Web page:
2. The Threat Of Regulation Is Often As Good As Regulation. It is highly misleading to claim that just because mortgage companies were not technically under the CRA that they were not required by regulators to meet similar tests. In fact, regulators threatened that if the mortgage companies didn’t step up to the plate by relaxing lending standards they would be brought under the CRA umbrella and required to do so.

    Here’s how City Journal explains the dynamic:

    To meet their goals, the two mortgage giants enlisted large lenders—including nonbanks, which weren’t covered by the CRA—into the effort. Freddie Mac began an “alternative qualifying” program with the Sears Mortgage Corporation that let a borrower qualify for a loan with a monthly payment as high as 50 percent of his income, at a time when most private mortgage companies wouldn’t exceed 33 percent. The program also allowed borrowers with bad credit to get mortgages if they took credit-counseling classes administered by Acorn and other nonprofits. Subsequent research would show that such classes have little impact on default rates.

    Pressuring nonbank lenders to make more loans to poor minorities didn’t stop with Sears. If it didn’t happen, Clinton officials warned, they’d seek to extend CRA regulations to all mortgage makers. In Congress, Representative Maxine Waters called Financial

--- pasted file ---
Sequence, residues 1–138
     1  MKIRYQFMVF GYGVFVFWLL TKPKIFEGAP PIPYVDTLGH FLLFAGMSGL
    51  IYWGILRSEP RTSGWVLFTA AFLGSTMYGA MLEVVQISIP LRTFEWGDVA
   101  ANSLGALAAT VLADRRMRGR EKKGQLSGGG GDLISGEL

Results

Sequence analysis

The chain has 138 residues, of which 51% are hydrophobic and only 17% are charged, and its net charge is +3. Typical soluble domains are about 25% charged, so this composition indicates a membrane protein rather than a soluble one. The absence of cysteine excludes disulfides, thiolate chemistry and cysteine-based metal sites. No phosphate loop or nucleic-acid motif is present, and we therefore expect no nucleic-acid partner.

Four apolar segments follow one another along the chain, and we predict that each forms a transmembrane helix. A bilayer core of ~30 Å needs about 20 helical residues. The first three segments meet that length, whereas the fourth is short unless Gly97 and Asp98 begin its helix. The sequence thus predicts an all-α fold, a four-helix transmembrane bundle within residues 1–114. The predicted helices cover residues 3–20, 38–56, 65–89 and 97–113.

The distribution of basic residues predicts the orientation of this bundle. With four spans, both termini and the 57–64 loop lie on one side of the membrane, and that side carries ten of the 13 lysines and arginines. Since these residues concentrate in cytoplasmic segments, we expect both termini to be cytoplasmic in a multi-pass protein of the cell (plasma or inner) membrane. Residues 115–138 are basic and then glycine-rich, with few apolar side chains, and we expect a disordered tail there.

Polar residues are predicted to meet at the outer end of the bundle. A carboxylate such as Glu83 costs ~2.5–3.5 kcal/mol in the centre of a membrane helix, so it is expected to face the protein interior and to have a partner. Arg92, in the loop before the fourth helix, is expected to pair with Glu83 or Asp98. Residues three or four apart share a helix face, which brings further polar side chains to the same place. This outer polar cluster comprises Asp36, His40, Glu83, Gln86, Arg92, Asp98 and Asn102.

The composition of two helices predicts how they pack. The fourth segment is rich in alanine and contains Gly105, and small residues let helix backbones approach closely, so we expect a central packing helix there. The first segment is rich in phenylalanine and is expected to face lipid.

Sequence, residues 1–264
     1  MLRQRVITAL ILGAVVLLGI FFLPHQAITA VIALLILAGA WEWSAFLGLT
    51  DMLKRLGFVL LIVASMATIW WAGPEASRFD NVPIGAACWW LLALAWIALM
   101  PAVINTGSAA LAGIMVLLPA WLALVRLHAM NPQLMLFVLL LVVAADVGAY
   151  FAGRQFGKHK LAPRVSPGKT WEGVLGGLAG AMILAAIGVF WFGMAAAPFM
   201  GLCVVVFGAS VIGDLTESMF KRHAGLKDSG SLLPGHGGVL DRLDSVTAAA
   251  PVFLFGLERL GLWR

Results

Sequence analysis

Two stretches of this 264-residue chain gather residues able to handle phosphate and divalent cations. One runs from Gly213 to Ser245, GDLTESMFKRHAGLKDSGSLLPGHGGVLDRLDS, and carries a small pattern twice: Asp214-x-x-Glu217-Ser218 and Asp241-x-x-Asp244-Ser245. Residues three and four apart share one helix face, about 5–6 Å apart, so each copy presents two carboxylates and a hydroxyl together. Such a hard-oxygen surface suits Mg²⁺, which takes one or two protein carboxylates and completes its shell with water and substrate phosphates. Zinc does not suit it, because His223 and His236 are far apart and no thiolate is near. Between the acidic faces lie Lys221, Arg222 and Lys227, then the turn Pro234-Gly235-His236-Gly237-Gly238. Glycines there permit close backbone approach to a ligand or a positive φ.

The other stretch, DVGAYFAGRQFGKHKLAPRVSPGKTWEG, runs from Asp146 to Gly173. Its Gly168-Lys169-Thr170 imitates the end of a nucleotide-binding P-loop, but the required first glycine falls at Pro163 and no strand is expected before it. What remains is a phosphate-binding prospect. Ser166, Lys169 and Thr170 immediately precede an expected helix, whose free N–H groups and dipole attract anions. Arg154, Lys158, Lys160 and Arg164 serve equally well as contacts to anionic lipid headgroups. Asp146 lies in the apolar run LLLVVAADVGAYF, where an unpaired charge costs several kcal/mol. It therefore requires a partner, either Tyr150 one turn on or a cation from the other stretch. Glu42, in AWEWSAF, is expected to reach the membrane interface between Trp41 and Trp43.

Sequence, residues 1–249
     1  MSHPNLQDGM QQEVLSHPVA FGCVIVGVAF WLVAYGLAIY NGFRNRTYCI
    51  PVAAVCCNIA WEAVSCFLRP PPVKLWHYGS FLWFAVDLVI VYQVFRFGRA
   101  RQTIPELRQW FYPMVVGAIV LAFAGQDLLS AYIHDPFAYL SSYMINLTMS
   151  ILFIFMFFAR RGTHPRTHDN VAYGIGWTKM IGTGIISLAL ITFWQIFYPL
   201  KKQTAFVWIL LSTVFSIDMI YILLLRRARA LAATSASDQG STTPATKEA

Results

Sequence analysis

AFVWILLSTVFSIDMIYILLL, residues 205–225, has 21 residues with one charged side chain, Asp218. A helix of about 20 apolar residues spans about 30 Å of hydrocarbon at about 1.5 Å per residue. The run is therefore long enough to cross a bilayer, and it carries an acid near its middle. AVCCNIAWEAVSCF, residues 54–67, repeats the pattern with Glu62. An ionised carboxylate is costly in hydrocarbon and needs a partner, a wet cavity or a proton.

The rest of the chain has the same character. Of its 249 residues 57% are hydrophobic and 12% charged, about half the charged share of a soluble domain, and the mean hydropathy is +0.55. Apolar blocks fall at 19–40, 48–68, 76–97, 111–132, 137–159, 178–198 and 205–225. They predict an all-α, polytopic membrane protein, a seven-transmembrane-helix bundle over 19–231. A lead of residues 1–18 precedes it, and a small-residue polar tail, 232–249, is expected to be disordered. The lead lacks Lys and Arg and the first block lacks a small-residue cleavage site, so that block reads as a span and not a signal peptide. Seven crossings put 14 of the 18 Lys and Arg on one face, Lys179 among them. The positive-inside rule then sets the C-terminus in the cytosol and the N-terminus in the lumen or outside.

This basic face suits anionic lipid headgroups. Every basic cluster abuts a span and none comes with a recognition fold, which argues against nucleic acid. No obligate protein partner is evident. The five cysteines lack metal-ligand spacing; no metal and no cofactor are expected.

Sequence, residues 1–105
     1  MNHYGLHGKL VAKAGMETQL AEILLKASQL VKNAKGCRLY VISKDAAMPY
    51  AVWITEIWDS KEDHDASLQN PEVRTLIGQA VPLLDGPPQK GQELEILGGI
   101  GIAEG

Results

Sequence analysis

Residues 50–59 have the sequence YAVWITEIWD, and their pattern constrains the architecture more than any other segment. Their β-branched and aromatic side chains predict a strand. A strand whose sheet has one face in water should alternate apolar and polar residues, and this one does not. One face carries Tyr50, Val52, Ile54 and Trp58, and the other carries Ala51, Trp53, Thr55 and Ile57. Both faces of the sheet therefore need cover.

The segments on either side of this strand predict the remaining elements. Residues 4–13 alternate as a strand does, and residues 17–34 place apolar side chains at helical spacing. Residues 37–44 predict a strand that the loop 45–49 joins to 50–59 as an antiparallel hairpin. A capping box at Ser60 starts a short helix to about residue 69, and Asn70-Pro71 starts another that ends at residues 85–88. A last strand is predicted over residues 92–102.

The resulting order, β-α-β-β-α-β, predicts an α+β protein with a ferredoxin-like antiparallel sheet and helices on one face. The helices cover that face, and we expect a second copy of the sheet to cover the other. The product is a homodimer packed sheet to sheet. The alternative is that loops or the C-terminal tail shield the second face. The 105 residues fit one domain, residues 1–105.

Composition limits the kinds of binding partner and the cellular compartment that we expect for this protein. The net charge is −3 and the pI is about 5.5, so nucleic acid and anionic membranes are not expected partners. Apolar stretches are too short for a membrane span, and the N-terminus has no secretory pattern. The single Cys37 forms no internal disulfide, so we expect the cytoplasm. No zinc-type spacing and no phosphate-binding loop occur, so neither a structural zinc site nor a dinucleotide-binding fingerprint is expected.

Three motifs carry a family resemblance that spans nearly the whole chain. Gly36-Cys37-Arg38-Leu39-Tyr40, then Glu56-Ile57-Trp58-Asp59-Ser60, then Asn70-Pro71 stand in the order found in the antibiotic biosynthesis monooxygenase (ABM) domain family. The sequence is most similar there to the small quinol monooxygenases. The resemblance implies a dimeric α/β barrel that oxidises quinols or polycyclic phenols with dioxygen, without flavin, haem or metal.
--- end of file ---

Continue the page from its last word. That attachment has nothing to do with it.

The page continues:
firms not covered by the CRA “among the most egregious redliners.” To rebuff the criticism, the Mortgage Bankers Association (MBA) shocked the financial world by signing a 1994 agreement with the Department of Housing and Urban Development (HUD), pledging to increase lending to minorities and join in new efforts to rewrite lending standards. The first MBA member to sign up: Countrywide Financial, the mortgage firm that would be at the core of the subprime meltdown.

    3. The CRA Distorted the Mortgage Market. With banks offering mortgages with high loan to value, delayed payment schedules and other enticing features, the mortgage companies would have quickly found themselves unable to compete if they didn’t offer similar loans. The requirement to offer risky loans from banks created a situation where other lenders found they had to offer similar products if they wanted to expand their business.”

    On a side note, I did find your response very interesting and I genuinely appreciate the fact that you cited everything. Makes for a very compelling argument. But am I convinced by your argument, not in the least bit. Do you ever think that our country is so divided that we will seldom be able to convince the opposition that they are wrong?

  8. If I may add one me thing, Lamar. Wiki, whether correct or not, is seldom the best site to cite. The site is notorious for misquoting, wrongfully attributing, and providing false facts about an array of subjects. Granted, your response does not solely rely on Wikipedia, but beginning a reply with “Wikipedia has a very thoroughly footnoted entry about,” will automatically turn off some readers. Just my humble opinion.

  9. I din’t see any mention of the bond rating agencies (Moody’s, Standard & Poor…) being in the pockets of the megabanks. These rating agencies were paid to see trash and call it treasure.